Growing Rural Health - Tipu Haere Tuawhenua Hauora
Approximately 19% of the population of Aotearoa New Zealand receive rural health care services. Seasonal workers, tourists, and other visitors passing through also need health care. However, distance and remoteness affect the accessibility, range and timeliness of rural health service provision. It is challenging and demanding to somehow provide care 24/7. The New Zealand Rural General Practice Network was established in 1992 for rural General Practitioners (GPs) to support one another and to advocate collectively for the provision of quality health care in rural New Zealand.
Professor Jean Ross at Otago Polytechnic is a long-term member of the Network and is passionate about rural health services. So much has changed in rural practice in 30 years, that she realised it was important to record developments, both to celebrate what had been achieved together and to provide a foundation from which to move forward into the future. She brought together the team of authors and an Editorial Board, and secured funding from the Network and Otago Polytechnic.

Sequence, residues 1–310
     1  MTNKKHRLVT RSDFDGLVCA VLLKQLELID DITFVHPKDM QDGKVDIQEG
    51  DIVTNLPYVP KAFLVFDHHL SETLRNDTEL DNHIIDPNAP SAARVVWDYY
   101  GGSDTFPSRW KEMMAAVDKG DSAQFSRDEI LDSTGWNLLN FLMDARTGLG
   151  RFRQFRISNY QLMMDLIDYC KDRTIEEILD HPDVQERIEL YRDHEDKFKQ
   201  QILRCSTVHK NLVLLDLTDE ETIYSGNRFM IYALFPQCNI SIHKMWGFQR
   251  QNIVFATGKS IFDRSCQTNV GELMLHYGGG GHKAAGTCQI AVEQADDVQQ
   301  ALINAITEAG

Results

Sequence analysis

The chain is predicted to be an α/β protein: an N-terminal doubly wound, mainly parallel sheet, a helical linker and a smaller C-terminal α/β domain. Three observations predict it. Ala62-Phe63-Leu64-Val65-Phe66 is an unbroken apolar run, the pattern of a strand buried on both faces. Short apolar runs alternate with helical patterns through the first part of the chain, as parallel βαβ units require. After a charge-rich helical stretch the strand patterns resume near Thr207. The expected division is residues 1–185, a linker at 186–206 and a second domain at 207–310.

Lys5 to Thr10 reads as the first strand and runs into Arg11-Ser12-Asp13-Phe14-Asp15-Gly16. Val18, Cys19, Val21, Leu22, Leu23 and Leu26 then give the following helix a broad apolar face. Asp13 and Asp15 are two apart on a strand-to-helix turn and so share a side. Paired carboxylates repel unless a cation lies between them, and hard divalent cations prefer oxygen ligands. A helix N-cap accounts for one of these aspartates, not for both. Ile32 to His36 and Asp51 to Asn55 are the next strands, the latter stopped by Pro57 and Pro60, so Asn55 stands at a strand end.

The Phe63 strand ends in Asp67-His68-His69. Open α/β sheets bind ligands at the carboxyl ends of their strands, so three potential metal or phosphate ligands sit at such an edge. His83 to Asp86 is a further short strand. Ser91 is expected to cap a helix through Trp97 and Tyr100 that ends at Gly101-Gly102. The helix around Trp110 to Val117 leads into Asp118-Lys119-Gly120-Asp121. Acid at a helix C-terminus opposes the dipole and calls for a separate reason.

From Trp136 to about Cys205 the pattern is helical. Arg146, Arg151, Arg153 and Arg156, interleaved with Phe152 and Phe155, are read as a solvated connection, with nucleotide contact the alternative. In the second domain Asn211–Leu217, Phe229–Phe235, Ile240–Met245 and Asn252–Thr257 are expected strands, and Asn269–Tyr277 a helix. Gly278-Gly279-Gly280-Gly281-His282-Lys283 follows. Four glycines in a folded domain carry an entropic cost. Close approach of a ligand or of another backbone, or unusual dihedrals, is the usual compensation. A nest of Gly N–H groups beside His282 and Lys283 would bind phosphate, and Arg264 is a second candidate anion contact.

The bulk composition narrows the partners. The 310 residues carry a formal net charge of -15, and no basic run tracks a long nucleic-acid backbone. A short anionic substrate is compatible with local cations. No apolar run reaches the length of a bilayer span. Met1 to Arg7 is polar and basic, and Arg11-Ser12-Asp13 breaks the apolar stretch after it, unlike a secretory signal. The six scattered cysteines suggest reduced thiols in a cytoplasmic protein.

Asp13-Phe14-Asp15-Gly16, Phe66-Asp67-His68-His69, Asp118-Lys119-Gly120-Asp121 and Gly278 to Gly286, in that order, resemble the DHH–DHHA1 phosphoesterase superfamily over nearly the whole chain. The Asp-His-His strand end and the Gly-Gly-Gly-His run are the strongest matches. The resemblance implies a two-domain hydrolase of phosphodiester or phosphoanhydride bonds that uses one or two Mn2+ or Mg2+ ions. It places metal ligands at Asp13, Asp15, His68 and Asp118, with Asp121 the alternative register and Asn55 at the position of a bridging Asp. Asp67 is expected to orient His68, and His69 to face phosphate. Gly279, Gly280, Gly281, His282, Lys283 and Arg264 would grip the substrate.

The authors - Jean herself, Tania Kemp (Ngā Mahanga o Tairi, Taranaki), Martin London and Shelley Jones - between them interviewed 46 people to capture many perspectives and all the milestones during the last 30 years. In addition, the 20 Peter Snow Memorial Award recipients were invited to contribute forward-looking reflections for the last chapter of the book.
The New Zealand Rural GP Network has now become part of the Hauora Taiwhenua Rural Health Network, which published the book Growing Rural Health | Tipu Haere Tuawhenua Hauora: 30 Years of Advocacy. The book was launched earlier this year at their 2022 conference dinner. It is a fitting tribute to the dedication of rural GPs to their communities.